"Offensive rebounding is still a huge concern, as is the dribble penetration," said Gentry. "We're going to have to do a better job at keeping the ball out of the paint."
I'm not overly concerned with the defensive deficiencies at this point. Many of the failings appeared to be the result of poor communication and ignorance of responsibilities. Practice will help that. What does worry me is the rebounding disparity, especially on the offensive glass. The Blazers were +8 in that category, as the Suns were bullied by rookie Meyers Leonard who grabbed seven of his own (in my opinion Leonard was the most impressive player on the floor for Portland). The Suns don't possess great size and length up front so it will be interesting whether they can instill team rebounding techniques or if these woes become pervasive.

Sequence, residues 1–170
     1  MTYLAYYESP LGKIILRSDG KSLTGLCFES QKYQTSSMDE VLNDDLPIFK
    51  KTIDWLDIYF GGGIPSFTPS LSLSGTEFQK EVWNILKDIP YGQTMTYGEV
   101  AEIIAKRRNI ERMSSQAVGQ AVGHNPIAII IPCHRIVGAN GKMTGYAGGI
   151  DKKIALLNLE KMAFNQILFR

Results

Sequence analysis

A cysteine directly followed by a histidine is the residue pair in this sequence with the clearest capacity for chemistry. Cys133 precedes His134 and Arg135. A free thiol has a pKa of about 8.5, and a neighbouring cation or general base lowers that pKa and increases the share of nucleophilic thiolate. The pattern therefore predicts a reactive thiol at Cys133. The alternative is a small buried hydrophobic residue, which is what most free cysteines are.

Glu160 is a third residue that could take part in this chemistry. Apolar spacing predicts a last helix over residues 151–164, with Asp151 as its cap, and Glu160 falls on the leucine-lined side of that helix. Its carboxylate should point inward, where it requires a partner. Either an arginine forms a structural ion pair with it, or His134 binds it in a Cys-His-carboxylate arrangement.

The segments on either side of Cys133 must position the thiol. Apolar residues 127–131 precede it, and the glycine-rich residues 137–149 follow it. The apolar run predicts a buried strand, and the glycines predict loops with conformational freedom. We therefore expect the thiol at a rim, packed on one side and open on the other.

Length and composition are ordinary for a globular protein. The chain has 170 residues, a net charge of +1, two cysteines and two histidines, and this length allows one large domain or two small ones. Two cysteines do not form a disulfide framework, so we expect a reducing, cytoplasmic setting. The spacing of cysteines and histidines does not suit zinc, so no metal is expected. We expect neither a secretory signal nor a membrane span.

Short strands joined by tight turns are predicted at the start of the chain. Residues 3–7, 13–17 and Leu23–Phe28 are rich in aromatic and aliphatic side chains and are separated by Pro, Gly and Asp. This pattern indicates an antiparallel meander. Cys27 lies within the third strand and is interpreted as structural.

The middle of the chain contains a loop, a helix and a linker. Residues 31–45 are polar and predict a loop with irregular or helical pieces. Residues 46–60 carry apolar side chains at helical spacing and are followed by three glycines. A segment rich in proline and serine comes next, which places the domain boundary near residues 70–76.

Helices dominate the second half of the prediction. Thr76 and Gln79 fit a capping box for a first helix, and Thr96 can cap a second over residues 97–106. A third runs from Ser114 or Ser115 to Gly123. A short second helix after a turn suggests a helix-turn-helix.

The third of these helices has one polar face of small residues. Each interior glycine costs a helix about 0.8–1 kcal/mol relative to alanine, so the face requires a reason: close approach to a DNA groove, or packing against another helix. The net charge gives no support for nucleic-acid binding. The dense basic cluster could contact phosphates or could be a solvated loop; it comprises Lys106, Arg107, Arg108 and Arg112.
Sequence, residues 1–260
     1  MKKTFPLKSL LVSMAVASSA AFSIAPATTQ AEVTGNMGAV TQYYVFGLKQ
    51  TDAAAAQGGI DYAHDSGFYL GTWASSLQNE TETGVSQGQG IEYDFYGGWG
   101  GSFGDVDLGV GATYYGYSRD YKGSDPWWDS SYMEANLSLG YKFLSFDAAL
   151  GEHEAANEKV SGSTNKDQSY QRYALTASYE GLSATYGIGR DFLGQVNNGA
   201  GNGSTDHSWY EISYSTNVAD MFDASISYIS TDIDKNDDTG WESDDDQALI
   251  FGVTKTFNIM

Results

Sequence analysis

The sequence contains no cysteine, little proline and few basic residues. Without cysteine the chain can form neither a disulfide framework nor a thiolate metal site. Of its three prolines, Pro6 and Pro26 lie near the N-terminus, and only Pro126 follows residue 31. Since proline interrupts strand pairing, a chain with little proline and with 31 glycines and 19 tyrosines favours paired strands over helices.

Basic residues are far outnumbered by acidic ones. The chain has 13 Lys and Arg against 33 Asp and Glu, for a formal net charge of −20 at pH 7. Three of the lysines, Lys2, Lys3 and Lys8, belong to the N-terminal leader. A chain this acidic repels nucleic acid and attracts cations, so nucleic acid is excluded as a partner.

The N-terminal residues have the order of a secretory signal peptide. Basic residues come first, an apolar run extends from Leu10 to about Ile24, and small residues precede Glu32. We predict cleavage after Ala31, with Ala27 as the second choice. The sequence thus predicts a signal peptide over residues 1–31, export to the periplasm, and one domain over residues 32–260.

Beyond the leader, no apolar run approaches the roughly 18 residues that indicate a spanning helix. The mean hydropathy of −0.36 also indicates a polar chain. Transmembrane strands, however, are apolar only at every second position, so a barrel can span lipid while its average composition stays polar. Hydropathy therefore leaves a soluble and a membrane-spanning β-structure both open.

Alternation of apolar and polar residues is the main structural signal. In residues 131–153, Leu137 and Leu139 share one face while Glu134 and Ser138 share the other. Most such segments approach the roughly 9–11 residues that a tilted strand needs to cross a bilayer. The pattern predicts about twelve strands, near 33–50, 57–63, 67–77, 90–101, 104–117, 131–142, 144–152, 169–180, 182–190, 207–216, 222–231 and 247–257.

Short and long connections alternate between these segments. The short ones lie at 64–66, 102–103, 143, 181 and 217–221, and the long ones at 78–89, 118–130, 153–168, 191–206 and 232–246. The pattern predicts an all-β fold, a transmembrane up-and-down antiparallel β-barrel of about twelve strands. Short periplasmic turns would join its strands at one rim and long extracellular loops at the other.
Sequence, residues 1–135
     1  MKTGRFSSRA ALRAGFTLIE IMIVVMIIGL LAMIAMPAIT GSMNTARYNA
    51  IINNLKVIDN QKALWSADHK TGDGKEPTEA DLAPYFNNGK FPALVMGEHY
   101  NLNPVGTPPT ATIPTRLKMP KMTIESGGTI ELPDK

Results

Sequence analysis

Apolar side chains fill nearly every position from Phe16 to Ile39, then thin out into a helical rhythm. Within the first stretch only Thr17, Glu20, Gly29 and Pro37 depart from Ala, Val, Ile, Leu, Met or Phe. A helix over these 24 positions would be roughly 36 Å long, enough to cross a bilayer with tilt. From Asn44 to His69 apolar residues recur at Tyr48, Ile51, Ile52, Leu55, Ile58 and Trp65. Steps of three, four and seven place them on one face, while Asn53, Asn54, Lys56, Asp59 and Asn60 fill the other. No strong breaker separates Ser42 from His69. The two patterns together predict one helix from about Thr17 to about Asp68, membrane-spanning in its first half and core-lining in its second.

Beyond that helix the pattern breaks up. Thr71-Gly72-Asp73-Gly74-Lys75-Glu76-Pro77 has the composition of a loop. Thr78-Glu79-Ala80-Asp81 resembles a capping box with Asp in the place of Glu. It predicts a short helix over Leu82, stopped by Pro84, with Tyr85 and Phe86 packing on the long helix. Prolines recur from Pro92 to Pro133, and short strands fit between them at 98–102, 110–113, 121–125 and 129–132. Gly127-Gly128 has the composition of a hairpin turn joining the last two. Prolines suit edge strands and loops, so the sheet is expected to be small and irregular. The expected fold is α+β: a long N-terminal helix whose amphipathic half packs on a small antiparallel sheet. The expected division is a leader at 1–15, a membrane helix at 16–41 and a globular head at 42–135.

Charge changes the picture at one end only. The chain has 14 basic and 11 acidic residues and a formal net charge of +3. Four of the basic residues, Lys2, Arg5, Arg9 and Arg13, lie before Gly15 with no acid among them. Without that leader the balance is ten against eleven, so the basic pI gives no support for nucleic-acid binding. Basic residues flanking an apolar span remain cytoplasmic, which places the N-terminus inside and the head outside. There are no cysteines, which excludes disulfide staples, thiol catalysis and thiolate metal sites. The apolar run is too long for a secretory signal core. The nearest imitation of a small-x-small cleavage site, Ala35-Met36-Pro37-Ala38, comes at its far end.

I will be using the Beasley/Johnson shot selection tracker to monitor these players until they show that my reason for concern is unfounded. After the first game saw the dynamic duo take 21 of 24 shots from 18 feet or further from the basket, in game two it was 12 of 15. Compare that to the less athletically gifted Dudley who took four of his seven shots in the paint. That's 33 of 39 on the year. 85%. Once again, I'm talking about selection not volume.
When I asked head coach Alvin Gentry about the Beasley/Johnson shot selection against the Kings before the game he told me that he had no problem with the shots they took. "Shoot a shot that's available to you," Gentry remarked. Gentry is actually encouraging Beasley to take more shots.
However, after the game Micheal Beasley remarked, "I do like working on my post game (Beasley was working on low post moves before the game). Right now I'm just trying to learn every play from two or three different positions, but that is something I want to improve on this year is my post game."
My personal thoughts are that I'd like to see Beasley taking more shots and I'd like those shots to come closer to the basket. If he's already taking seven or eight from outside, all he has to do is match that from inside and he will be where Gentry wants him on attempts and he should get to the line more too.